Starting out after hearing the recently departed Virginia Bluesman John Jackson in 1967, Ainslie has been immersed in Blues and American traditional music. Ainslie took an independent BA in Music Theory and Composition from Washington & Lee University, and graduated Magna Cum Laude and as a member of Phi Beta Kappa in 1974. He has worked in avante garde and Broadway theater productions, toured in Europe under the auspices of the United States Information Service, and in addition to touring nationally and internationally has worked as an artist in educational settings, presenting teaching concerts on the African roots of American music. These popular teaching concerts illustrate America's hidden music history with live performances of worksongs, blues, gospel and jazz. Ainslie is a mesmerizing historian and inspired musician who has a deep reverence for the tradition and history of the music he presents.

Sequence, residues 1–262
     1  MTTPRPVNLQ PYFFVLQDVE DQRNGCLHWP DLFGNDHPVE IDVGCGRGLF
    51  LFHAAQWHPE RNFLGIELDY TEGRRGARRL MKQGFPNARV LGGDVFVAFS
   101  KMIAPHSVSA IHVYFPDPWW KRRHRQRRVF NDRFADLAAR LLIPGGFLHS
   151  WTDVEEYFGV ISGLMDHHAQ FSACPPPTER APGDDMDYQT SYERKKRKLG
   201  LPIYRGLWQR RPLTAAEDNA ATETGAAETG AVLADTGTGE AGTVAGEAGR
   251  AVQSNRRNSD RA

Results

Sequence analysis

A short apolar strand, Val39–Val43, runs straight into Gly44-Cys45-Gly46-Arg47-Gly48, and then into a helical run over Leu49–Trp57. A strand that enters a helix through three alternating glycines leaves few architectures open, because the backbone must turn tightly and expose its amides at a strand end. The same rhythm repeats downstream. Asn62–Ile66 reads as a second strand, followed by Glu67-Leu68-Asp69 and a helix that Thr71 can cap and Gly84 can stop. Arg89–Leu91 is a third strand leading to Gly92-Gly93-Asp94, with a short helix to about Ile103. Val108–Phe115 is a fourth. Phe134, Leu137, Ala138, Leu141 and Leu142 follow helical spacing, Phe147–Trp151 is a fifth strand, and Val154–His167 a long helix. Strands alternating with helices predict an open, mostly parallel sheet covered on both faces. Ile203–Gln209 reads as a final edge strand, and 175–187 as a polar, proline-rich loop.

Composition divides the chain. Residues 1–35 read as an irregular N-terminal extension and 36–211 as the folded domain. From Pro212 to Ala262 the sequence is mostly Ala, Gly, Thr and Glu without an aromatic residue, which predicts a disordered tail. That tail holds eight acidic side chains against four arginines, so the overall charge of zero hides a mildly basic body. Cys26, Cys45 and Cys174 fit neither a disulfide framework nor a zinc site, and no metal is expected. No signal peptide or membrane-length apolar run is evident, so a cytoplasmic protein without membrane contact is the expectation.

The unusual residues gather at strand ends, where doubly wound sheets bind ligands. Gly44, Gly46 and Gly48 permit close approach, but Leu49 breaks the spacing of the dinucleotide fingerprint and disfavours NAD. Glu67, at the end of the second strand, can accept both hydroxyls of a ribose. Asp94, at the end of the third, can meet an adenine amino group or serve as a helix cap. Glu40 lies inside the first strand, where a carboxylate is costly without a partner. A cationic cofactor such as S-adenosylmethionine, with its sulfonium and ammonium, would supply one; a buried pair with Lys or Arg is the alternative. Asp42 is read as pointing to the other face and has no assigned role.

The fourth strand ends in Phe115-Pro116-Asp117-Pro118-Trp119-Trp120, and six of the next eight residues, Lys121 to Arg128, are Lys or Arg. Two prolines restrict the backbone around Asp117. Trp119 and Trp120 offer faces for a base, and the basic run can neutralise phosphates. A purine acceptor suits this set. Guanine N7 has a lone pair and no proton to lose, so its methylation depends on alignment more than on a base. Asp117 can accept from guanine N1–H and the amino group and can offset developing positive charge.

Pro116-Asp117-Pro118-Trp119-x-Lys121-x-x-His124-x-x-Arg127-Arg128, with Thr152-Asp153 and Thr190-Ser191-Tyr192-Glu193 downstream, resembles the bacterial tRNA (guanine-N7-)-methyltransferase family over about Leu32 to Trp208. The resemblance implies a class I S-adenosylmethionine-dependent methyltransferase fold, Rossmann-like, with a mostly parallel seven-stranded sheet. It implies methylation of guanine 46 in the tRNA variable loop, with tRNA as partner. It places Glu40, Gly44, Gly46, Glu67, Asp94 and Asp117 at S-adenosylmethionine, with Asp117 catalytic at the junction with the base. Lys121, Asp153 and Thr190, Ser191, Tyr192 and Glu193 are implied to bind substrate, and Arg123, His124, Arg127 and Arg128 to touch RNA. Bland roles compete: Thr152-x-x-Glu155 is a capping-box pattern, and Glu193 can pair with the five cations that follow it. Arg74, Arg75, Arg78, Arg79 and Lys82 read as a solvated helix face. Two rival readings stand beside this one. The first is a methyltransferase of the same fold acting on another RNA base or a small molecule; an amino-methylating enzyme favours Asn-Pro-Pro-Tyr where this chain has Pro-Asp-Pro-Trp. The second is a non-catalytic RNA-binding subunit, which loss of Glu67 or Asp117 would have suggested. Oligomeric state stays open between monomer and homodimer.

Drawing on the musical legacies of Delta Blues legends Robert Johnson and Muddy Waters, the East Coast's Blind Blake, and Durham's own Reverend Gary Davis and Blind Boy Fuller; Scott is a noted performer and scholar with more than a decade of experience teaching elements of African and African-American music to students of all ages, both in the classroom and from the stage.
Coming of age during the Civil Rights era, Scott continues to have a deep reverence and affection for cross-racial exchange and approaches the tradition with the care and respect it is due. Scott honors the African and American roots of the tradition and presents a mesmerizing tour of both the music and the history of the Blues.